This film is a bit less cohesive than its predecessor, but still a whole lot of fun. I wish there was anything like this being made today.

italy, 1972, italian


The Canterbury Tales

The last week or so has been a rough one for me, with extreme moments of self-doubt and anxiety. In many ways, I do this project because watching these films is a kind of therapy. I’m the type of person who is always thinking, someone who finds it difficult to relax. Luckily, I find watching a film almost totally calming. For that period of time I can lose myself in whatever is happening on screen, saving my worries for when the film is over. Without that affect, I doubt I’d have made it this far in this insane task I’ve chosen for myself.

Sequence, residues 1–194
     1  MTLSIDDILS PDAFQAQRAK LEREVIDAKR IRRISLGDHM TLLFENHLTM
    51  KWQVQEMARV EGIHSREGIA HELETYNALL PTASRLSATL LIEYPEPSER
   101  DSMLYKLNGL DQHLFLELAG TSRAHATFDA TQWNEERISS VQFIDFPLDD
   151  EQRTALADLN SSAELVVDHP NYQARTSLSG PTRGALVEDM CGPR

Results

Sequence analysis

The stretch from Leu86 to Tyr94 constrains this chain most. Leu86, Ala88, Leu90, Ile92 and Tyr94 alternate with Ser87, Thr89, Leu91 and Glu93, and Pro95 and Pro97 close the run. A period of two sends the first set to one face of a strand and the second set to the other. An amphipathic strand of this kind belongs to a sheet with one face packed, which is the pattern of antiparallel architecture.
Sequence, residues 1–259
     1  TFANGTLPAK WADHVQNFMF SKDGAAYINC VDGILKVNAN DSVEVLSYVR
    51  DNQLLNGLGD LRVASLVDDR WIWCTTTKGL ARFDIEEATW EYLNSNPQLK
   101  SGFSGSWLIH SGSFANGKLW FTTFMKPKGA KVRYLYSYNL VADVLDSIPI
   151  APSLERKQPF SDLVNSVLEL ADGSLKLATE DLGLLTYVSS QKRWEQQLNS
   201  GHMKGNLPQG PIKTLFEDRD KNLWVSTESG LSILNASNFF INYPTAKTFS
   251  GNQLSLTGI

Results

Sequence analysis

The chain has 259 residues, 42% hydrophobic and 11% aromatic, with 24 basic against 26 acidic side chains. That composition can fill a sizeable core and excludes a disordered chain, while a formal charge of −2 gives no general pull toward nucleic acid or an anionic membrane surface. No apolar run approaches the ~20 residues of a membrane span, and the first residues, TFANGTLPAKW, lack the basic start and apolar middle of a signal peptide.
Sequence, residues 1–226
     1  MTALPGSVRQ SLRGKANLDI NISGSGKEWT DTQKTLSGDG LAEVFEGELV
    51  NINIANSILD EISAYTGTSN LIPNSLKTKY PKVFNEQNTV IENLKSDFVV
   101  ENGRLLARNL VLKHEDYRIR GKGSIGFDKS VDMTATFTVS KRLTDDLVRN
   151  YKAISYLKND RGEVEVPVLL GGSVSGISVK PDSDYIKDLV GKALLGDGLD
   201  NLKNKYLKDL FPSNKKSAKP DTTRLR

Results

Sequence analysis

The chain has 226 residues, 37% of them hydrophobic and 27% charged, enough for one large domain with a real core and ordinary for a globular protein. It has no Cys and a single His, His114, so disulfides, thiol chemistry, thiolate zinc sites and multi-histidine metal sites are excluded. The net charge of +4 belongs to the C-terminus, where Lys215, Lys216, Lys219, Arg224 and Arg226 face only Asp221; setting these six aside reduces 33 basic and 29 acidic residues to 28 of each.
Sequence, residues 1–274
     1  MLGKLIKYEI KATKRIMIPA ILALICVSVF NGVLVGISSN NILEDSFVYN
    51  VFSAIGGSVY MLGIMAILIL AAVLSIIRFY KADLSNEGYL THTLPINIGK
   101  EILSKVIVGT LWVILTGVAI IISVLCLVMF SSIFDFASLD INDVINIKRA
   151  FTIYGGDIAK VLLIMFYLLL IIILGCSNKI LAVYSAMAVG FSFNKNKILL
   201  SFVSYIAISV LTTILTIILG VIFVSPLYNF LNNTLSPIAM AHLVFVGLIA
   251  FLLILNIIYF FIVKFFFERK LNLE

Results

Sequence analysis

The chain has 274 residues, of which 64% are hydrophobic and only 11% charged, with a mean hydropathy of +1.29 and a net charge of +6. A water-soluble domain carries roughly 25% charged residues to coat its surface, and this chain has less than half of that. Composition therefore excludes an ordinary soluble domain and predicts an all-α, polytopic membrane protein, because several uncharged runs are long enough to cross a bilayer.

I chose this film, because the last one was silly fun. In writing about it, I covered what Pasolini was intending to do, his retreat into an imagined golden age. I found that goal interesting, but the film itself was a trifle. This one is too. Thank goodness for trifles. I love film that challenges me, that makes me think. It’s invigorating. But man oh man, sometimes it’s nice to just be entertained. That’s what I needed tonight. Something silly, with little to contemplate, to provide a few laughs and a respite before bed.